How much a government should spend is open to debate, but I think it's critical that what money it does spend should be spent efficiently and on the right things.

Roads, power generation and distribution grids, airports, etc. are good things, because they spur economic growth.

Wars and money funneled to corrupt cronies are bad things because they don't spur economic growth.

adam said...

nicq said:

"Even in a less sinister light, explain why western Europe, with an economy far more planned and regulated than ours, is struggling to maintain a growth rate half that of the US?"

Economy isn't everything. Don't forget that the US economy is also the most polluting in the world.

--
Adam

David Brin said...

Nicq, while I agree with you that M is once again utterly clueless (sorry M! ;-) and incapable of noticing the long history of failures of GAR (guided allocation of resources)... you at times seem to tip into the other heresy of FIBM (Faith in Blind Markets).

All I can do is repeat "A plague on BOTH oversimplifications!"

Dig it. The ONLY markets that have ever thrived were markets that were thoroughly meddled-with by Enlightenment standards, with fierce determination to make the competition truly fair, instead of a zone for rapacious cheating (the natural human pattern).

If socialists governments are nightmares at doing anything more complicated than allocating cement to build a big dam, then what makes a small clade of elite corporate bosses - conspiring in secret - any wiser? Their only 'wisdom" arises by being sicced AGAINST EACH OTHER and in large enough numbers for market forces to actually matter.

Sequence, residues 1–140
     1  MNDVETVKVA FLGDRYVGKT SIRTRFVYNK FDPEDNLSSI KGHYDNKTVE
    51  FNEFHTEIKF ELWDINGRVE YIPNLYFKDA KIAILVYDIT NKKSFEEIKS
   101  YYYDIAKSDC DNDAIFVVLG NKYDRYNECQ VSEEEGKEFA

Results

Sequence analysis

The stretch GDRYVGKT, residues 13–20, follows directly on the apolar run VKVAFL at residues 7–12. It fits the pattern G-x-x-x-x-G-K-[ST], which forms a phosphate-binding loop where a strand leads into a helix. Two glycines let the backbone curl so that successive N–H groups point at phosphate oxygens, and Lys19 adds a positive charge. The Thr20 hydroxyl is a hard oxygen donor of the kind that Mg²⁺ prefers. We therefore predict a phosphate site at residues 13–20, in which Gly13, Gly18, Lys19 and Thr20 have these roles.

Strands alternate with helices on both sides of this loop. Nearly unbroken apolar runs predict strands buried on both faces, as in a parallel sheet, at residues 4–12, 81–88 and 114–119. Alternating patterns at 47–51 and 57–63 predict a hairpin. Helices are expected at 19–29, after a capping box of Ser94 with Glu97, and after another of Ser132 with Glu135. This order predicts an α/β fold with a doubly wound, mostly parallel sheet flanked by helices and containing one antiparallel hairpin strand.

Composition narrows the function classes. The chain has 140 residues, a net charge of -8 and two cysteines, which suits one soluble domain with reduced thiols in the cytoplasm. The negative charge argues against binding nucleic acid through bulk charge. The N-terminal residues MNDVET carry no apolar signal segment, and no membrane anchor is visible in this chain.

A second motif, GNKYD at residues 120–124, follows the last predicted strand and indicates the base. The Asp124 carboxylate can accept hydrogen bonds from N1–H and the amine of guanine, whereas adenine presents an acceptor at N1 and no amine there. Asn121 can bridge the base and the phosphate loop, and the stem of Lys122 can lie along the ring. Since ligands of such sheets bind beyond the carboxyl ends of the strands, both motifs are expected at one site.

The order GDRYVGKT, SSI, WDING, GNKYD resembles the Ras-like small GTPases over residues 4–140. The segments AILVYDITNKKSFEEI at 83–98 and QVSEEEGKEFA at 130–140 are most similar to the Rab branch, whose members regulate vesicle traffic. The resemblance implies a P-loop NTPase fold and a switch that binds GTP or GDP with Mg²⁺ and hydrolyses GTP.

We've been over this before.

more soon about my trip.

Stefan Jones said...

The 360 degree pan thing is very interesting.

I believe Dr. Brin's study needs a small stuffed alligator hanging from the ceiling.

* * *

I'd love to see a parrot or Border collie or some-such bright non-primate critter engineered to have mirror neurons.

monkyboy said...

China's industrial policy is a little more advanced than simply "allocating cement to build a big dam."

One example:

1. The Chinese government signs a huge contract for Iranian natural gas.

2. They also pay for the importation of the knowledge and equipment that allows Chinese shipyards to begin producing liquefied natural gas ships to transport it.

These ships are rather high-tech, building them requires quite a few workers. They are also in very much in demand on the world market:

http://tinyurl.com/yxmosl

So, with a couple of deals, the Chinese government secures future energy resources and employs thousands of Chinese workers in an industry that is growing fast and has few suppliers currently (Japan, Korea, Sweden).

No American company, not even Exxon, could pull something like this off...too much money and too risky.

I'm hardly a socialist, but I recognize that a well-run Chinese government will crush many private American companies unless we come up with an update to our centuries-old business model...

David Brin said...

Much better expressed, Monkyboy! Wrong, but much better.

Here's a speech downloadable at LONGNOW.ORG that appears to support your argument. Orville Schell - "China Thinks Long-term, But Can It Relearn to Act Long-term?"

Yes, a hierarchical society that thinks wisely can make better decisions than a market economy that is led stupidly. But that is not a fair comparison. Most of the time, hierarchic control societies cannot help but act stupidly. Because their decision processes drift toward serving the interests of the oligarchy, instead of serving the people. ANd this is just ONE of the endemic failure modes that ALWAYS ruined such societies.

I reiterate. They had four thousand years... and all failed at progress and development. 90% even failed at maintaining the stauts quo!